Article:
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Daytona 500 delays now common in NASCAR’s opener
DAYTONA BEACH, Fla. (AP) - Daytona could use a dome.
From rain, potholes, soap and fire, the Daytona 500 has had all sorts of delays the last five years.
The latest one came Sunday, with rain shutting down the season opener at Daytona International Speedway for 6 hours, 22 minutes.
The race resumed under the lights with 162 laps left in the 200-lap race. It needed to hit 100 laps (halfway) to become official.
If not, and rain resumes, then the second Monday race in three years remains in play.
The “The Great American Race” has become more known for its lapses than laps or leaders.
Rain forced the 2012 race to be run on a Monday night for the first time. Juan Pablo Montoya slammed into a jet dryer that night, igniting a raging inferno that caused another two-hour delay. Safety workers used Tide laundry detergent to clean up the track.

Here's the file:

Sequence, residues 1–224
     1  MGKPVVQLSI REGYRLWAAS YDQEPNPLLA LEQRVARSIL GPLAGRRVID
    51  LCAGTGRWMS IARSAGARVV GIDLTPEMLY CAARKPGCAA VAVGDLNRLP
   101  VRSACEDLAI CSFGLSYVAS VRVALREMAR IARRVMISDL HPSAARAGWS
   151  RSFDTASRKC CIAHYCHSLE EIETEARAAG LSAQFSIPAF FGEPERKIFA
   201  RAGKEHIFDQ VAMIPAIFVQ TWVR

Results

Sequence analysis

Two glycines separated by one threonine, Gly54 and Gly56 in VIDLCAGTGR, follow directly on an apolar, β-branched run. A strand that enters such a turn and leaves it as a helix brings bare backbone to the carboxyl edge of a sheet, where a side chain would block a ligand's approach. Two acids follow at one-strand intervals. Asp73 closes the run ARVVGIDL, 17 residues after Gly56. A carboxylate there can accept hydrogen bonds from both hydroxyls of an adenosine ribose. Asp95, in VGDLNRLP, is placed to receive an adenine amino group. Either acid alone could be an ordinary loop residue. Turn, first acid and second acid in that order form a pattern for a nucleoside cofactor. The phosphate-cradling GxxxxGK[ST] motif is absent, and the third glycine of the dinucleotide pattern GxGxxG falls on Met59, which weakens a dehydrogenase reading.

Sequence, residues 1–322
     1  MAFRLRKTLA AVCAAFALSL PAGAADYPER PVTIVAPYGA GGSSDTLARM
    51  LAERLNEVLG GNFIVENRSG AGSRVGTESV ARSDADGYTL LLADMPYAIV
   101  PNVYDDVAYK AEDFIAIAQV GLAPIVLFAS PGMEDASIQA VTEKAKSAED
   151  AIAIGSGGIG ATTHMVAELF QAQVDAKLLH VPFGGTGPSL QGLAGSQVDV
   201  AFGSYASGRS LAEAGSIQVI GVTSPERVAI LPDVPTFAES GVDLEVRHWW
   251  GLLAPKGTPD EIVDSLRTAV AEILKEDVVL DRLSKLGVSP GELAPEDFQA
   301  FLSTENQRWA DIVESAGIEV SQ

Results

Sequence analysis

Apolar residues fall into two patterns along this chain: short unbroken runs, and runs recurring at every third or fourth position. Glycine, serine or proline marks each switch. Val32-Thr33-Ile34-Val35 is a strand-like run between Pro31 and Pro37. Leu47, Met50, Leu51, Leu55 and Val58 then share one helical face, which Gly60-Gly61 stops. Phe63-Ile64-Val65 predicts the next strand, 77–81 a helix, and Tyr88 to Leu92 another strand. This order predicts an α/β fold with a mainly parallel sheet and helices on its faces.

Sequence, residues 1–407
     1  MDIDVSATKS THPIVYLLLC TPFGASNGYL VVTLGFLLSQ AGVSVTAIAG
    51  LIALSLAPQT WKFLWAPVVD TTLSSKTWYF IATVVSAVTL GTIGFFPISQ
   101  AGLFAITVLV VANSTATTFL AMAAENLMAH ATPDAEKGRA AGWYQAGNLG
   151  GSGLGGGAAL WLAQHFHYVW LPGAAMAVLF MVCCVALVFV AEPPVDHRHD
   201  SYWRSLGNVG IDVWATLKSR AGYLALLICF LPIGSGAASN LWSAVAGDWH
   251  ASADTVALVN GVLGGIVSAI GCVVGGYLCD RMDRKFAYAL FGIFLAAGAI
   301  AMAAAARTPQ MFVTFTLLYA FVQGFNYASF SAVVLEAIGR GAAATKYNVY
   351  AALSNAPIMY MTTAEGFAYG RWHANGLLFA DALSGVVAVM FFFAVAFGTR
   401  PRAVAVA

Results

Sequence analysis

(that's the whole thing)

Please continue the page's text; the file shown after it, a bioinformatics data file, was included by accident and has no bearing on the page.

Fans flocked for shelter Sunday at the track or left for their cars.
The National Weather Service issued a tornado warning in the area and advised people to take shelter.
Air Titan, the system designed to reduce track drying time, provided the only action on the track.
But there was plenty of fun going on behind the scenes.
Drivers and other personnel hit social media to give a sneak peek of what it’s like to kill time at a soggy Daytona.
Kyle Busch tweeted, “Rain rain go away. Let me lead my way to victory.”
His wife, Samantha, posted a photo of her sticking out her tongue while Kyle frowned with the caption, “Rain delay sad/mad faces w @kyle busch.”
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